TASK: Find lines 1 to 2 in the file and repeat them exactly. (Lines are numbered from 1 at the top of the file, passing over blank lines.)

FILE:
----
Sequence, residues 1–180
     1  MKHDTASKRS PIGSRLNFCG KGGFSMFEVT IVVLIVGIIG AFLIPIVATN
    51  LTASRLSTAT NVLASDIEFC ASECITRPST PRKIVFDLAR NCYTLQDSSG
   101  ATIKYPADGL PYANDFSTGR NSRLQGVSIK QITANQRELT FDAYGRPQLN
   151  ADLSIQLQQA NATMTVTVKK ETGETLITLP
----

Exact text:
Sequence, residues 1–180
     1  MKHDTASKRS PIGSRLNFCG KGGFSMFEVT IVVLIVGIIG AFLIPIVATN